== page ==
Conservative party chairman Grant Shapps is denying allegations that he is behind changes made to Wikipedia entries about MPs. According to the Guardian, the online encyclopedia blocked an account amid suspicion it was being used by Mr Shapps or "someone acting on his behalf" to edit pages about himself and other MPs.

But Mr Shapps said: "This Guardian smear is categorically false and defamatory. It is untrue from start to finish, and was quite likely dreamt up by the Labour press office. Sadly it is typical of the smears coming from those who would rather not debate policy and substance."

Marguerite Hogg

@MargueriteHogg

Newsbeat

tweets:

But it's not just about increasing the number of apprenticeships, but about improving the quality of apprenticeships #newsbeat"

Tassie

@tassiemay

Newsbeat

tweets:

#Newsbeat why not cut the salaries of those at the very top of the NHS? No one needs £600,000/year with a pension pot of 1.5million do they?"

Alex

@Alex_Boothe

Newsbeat

tweets:

#Newsbeat I am fed up of kids blaming @Conservatives for NHS privatisation, @UKLabour 'privatised' more!"

Mental health debate

Newsbeat

Tamanna Miah, 21, from Sevenoaks, says: "I had a friend who [took his own life] because he had no support. The services were not there at the right time. My friend said to me 'I am struggling'.

"I gave him all these options and he said 'no, they're not helping'. He was on a waiting list for over six months."

Tamanna Miah
BBC
Tamanna Miah, 21, speaking at the Newsbeat debate in Birmingham

What are you guys going to do about [it] because I don't want to see any more of my friends on Facebook say 'sorry, I'm not here any more'."

Election fun

Newsbeat

Inspired by tonight's debate? Newsbeat has developed a game all about the general election, except with party leaders as robots.

BallotBots, Newsbeat's election game
BBC
BallotBots, Newsbeat's election game

The aim of BallotBots is to pair robot politicians with robot voters while progressing through a series of zones on your way to No 10 - and avoiding the campaign pitfalls. It's available via BBC Taster.

Blaming immigrants?

Newsbeat

Peter, in the audience attacks UKIP: "Stop blaming immigrants."

However, UKIP's Steven Woolfe replies: "Look at our manifesto, say it as much as you like, it's just plain wrong."

Watch video of the exchange here

Peter
BBC

'People are worried'

Newsbeat

Amelia Womack, of the Green Party, says: "We need to take responsibility for the language we use around migration at the moment. It's clear that people are worried about things they should be worried about [NHS, housing, public service cuts]."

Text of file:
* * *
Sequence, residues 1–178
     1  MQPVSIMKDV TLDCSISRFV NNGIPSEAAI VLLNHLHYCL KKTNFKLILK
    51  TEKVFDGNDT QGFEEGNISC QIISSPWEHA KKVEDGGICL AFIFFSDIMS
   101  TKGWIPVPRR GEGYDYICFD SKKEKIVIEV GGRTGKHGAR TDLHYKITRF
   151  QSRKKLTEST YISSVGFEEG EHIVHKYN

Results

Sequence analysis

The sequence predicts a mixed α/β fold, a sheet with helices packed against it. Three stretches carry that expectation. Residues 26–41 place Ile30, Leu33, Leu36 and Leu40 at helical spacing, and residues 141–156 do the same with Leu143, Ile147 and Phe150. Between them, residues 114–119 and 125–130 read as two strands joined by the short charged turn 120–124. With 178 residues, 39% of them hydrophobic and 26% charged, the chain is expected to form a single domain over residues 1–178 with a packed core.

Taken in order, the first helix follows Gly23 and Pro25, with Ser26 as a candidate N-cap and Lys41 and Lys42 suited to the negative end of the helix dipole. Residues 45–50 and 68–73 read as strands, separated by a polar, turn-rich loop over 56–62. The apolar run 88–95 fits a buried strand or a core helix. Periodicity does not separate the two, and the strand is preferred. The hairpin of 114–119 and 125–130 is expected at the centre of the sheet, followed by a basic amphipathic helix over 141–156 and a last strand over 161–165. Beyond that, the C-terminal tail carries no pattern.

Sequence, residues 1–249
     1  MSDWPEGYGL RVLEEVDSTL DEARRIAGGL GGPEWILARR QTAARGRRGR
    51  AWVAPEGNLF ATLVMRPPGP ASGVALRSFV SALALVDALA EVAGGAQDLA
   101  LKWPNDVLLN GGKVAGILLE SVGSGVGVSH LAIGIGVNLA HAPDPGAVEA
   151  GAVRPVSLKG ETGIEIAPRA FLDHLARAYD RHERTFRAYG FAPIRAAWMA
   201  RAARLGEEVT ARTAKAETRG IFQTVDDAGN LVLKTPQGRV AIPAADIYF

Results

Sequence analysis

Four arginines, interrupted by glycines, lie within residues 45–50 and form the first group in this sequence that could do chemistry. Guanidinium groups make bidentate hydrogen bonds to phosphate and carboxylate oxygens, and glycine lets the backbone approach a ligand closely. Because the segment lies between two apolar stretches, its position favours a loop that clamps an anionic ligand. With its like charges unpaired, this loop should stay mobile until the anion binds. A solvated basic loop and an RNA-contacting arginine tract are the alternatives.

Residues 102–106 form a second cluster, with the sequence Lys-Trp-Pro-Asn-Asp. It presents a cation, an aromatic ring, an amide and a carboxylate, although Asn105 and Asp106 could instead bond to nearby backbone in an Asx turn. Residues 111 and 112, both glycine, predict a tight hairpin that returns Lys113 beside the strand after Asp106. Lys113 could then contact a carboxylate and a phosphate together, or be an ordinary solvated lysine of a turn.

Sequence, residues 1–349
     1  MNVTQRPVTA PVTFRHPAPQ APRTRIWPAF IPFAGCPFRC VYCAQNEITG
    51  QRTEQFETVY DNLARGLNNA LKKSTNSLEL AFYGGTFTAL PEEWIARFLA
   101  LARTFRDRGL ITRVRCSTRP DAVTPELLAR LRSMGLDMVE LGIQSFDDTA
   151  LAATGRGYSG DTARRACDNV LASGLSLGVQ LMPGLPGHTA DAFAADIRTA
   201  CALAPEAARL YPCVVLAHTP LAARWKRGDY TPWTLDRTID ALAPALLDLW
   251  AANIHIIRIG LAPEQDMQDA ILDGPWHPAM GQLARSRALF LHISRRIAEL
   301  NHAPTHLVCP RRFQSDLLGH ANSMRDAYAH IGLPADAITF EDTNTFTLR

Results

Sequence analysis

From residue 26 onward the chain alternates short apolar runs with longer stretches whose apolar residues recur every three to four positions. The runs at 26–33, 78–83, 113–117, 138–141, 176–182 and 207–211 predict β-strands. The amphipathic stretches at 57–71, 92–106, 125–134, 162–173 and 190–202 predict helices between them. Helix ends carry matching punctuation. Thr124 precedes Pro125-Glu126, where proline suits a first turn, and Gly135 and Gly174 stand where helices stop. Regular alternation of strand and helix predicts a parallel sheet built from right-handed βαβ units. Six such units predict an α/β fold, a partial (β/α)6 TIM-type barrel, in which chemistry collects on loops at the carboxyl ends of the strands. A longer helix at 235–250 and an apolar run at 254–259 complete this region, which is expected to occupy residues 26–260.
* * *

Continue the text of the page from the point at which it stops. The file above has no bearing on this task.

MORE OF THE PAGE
We cannot continue to blame immigrants for the failure of government policy."

Amelia Womack, Green Party
BBC
Amelia Womack, Green Party

Dev Mistry

@MrDevMistry

Newsbeat

tweets:

Immigration isn't the issue in this country. Discrimination is."

Queen's advice to Alex Salmond

Alex Salmond
PA

As a former SNP leader Alex Salmond is used to criticism coming his way but he probably wasn't expecting to be ticked off about his handwriting - by the Queen. Mr Salmond has revealed how he changed his signature after the Queen told him he had the "worst" writing of all ministers.

Mr Salmond was speaking at a question and answer session at Glasgow University after receiving an honorary degree. Mr Salmond admitted his signature was an "indecipherable scrawl" and he told the Queen he would "try to do better".

Garçon

@NapxMarley

Newsbeat

tweets:

#newsbeat so many myths about immigration. Vast majority work. They pay more in tax than they take out. 40% are students vital to uni funds."

British jobs?

Your view on immigration

Newsbeat

Ellie, 18: Nigel Farage did say British people would get jobs just because they were British. How is that fair?

Ellie, 18
BBC
Ellie, 18

Kate

@pritchardkate

tweets :

#Newsbeat debate on immigration coming from #Birmingham. A wonderful, multicultural city. #Brum"

'Equal treatment'

Newsbeat

Steven Woolfe of UKIP says: "None of our party have ever said we don't like immigrants. What we want to do is create an ethical immigration policy which allows people from all over the world to be treated equally."

So long as you have the skills, come here on a points system."

Newsbeat debate

@jake_clegg

Newsbeat

tweets:

I would like immigration control in the UK, but not at the expense of our EU membership. Very dubious its achievable"

Newsbeat debate

Your view on immigration

Newsbeat

The debate is under way, with the first topic about immigration.

"There are positive and negative immigrant stories in the UK," says Daniel, 18, from Coventry."Come to our country and do well, but [do] not come without a trade that will benefit the British economy."